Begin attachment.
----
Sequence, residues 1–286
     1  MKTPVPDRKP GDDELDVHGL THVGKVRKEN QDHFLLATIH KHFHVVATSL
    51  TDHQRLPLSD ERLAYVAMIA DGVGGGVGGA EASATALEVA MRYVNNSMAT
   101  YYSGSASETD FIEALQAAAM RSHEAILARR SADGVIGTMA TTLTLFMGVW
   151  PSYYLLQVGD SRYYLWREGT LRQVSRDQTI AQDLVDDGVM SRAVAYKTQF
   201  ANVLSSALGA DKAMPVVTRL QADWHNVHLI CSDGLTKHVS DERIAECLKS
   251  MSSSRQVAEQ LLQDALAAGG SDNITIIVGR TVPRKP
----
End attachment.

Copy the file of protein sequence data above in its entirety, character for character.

Sequence, residues 1–286
     1  MKTPVPDRKP GDDELDVHGL THVGKVRKEN QDHFLLATIH KHFHVVATSL
    51  TDHQRLPLSD ERLAYVAMIA DGVGGGVGGA EASATALEVA MRYVNNSMAT
   101  YYSGSASETD FIEALQAAAM RSHEAILARR SADGVIGTMA TTLTLFMGVW
   151  PSYYLLQVGD SRYYLWREGT LRQVSRDQTI AQDLVDDGVM SRAVAYKTQF
   201  ANVLSSALGA DKAMPVVTRL QADWHNVHLI CSDGLTKHVS DERIAECLKS
   251  MSSSRQVAEQ LLQDALAAGG SDNITIIVGR TVPRKP